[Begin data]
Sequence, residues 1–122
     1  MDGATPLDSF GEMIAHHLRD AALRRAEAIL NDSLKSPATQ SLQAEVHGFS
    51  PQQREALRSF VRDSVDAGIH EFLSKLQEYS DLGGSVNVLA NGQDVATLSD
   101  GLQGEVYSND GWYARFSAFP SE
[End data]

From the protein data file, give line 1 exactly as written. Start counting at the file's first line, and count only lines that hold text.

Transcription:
Sequence, residues 1–122